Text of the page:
All told, SenseTime counts more than 700 customers. “While SenseTime’s technology is mostly used in Chinese companies, [it] does have clients outside China,” Ding said, pointing to Honda.
SenseTime wants to develop self-driving cars with Honda and sell them globally, according to Lao Shihong, CEO of the company’s Japan unit. Lao said the vision is different from those of Google or Uber Technologies. Their goal “is to create robot taxis. We want to create something more affordable for ordinary car owners.”
Shi said the target is commercialization in five to 10 years. In the meantime, the company is pushing technology to make regular cars safer.
At an auto technology trade show in the Japanese city of Nagoya in mid-July, SenseTime’s booth featured a car simulator with a small camera behind the steering wheel. The camera determines the driver’s age and gender and monitors his or her face and motions for signs of distraction or fatigue. A display flashes an alert if the driver looks drowsy, is talking on the phone or lights up a cigarette.
Shi said the company is in talks with around 20 global carmakers. “They are big names in Germany, Japan, the U.S. and of course China that together account for 90% of global production,” he said.
For now, facial recognition remains SenseTime’s money spinner. Shi described systems for smartphones as one of the “most profitable product lines.”
“We provide deep-learning algorithms to all the major Android smartphone makers globally,” he said. The privately held startup does not disclose its earnings, but Shi said it turned profits for 2017 and 2018, with triple-digit compound annual growth over the past three years. The company declined to comment on its ownership structure or plans to go public.
The market is certainly growing: IDC projects AI spending in the Asia-Pacific region alone, excluding Japan, will nearly triple to $15 billion in 2022 from $5.5 billion this year.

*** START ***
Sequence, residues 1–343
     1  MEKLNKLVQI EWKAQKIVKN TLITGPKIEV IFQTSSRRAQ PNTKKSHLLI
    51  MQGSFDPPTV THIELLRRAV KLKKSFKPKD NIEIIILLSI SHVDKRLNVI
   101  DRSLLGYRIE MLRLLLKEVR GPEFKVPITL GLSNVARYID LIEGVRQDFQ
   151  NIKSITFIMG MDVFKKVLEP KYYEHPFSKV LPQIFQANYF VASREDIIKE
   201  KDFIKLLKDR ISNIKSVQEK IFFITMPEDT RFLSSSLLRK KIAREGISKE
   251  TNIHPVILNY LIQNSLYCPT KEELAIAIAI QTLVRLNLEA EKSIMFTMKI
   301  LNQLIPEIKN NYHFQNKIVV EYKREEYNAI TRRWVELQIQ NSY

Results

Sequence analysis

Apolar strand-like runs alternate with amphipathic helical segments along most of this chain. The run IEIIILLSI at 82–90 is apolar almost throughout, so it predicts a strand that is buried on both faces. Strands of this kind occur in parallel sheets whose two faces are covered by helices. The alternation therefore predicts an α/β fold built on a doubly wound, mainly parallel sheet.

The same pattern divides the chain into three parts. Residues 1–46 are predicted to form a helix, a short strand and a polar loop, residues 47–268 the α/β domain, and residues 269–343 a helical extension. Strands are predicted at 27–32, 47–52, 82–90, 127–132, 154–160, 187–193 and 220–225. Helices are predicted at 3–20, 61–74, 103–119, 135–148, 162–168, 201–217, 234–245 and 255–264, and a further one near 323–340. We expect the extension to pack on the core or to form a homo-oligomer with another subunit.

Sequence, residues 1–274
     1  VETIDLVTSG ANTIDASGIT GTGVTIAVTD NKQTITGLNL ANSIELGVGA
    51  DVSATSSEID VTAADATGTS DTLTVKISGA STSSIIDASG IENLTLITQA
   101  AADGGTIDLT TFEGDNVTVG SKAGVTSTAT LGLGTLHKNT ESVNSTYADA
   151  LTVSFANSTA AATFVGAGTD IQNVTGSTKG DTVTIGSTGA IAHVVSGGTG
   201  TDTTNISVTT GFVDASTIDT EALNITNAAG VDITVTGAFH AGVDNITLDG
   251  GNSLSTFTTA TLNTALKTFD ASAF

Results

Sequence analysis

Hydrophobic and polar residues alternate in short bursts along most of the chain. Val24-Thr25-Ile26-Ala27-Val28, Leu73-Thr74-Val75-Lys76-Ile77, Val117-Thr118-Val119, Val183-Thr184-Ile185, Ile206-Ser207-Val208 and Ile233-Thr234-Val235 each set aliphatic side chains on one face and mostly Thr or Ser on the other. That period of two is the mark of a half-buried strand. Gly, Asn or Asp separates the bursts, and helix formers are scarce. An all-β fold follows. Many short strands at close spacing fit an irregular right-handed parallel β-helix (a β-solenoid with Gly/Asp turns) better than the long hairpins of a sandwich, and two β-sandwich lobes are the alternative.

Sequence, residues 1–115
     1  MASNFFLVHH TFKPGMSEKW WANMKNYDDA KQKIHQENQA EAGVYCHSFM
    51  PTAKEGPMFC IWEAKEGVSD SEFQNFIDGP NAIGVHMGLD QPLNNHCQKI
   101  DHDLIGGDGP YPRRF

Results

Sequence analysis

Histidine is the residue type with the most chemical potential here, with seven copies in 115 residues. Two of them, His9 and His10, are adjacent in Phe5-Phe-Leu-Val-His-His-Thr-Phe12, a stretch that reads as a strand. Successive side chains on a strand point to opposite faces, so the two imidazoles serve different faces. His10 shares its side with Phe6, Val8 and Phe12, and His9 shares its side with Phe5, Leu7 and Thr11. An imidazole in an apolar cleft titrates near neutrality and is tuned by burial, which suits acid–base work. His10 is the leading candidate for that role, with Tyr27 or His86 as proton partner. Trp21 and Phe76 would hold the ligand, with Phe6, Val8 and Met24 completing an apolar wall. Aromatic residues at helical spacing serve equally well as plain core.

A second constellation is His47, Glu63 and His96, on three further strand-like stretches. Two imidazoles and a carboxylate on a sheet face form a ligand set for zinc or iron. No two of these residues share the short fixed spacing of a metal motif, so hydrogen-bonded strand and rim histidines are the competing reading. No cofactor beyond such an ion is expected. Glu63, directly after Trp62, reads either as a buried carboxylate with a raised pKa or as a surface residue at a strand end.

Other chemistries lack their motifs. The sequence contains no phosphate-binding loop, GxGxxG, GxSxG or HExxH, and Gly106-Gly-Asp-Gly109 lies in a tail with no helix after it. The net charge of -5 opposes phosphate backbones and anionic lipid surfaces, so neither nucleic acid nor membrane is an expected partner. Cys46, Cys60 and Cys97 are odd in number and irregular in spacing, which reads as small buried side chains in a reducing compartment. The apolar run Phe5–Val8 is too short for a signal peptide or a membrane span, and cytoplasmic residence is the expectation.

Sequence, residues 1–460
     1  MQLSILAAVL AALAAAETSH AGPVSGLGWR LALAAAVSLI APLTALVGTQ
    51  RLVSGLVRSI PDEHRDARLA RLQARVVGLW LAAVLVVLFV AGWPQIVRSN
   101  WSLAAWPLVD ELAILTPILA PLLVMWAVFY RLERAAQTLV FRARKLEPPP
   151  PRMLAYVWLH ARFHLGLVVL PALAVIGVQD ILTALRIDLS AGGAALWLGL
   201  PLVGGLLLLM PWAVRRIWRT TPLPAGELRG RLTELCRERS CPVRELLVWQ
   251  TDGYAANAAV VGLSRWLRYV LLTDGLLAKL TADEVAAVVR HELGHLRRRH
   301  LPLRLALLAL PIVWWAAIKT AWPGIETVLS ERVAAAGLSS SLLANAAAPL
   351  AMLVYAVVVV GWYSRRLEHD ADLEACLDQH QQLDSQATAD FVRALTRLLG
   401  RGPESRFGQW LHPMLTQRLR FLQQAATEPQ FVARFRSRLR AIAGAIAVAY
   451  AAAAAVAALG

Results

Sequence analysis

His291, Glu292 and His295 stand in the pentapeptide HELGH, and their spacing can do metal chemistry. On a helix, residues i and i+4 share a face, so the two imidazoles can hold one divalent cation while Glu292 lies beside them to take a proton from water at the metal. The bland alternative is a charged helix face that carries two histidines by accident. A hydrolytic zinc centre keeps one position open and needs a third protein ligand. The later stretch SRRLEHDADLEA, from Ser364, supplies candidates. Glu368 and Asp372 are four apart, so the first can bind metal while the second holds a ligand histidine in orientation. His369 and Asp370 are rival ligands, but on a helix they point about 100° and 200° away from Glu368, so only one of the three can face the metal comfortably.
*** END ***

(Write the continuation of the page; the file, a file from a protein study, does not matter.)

SenseTime’s technology appeals to Beijing as much as it does to businesses. It offers a suite of powerful “smart city” surveillance tools that can help catch criminals — and, technically, monitor citizens. Surveillance is “one of the major business lines in China,” Shi said, adding that “outside the country we don’t do much.”
Ding said it was “very hard to say” how much SenseTime relies on state contracts but noted that co-founder and CEO Xu Li, who was a student of Tang’s, put the ratio of “government-related” clients at 30% in a report by Quartz last year.
Last September, Beijing picked SenseTime for its AI national team, alongside online giants Baidu, Alibaba and Tencent Holdings, as well as voice recognition specialist iFlytek. Ding said this does not guarantee SenseTime dominance but may give it “a long-term advantage” in terms of setting standards.
The Beijing connection has been a blessing.
“The Chinese government has signaled its confidence in SenseTime as a major player in the AI race by providing access to vast troves of data,” said Timothy Heath, senior international defense researcher at Rand Corp. “For AI, more data increases the possibility of better algorithms, and the Chinese government has more access to data than anyone.”
But state ties can also be a curse.
While Shi emphasized that the company draws a “red line” on privacy and security, Heath cautioned that “SenseTime is vulnerable to the same type of charges that the U.S. brought against Huawei.” In May, media reports surfaced that President Donald Trump’s administration was considering blacklisting five Chinese surveillance-related companies, though SenseTime was not one of them.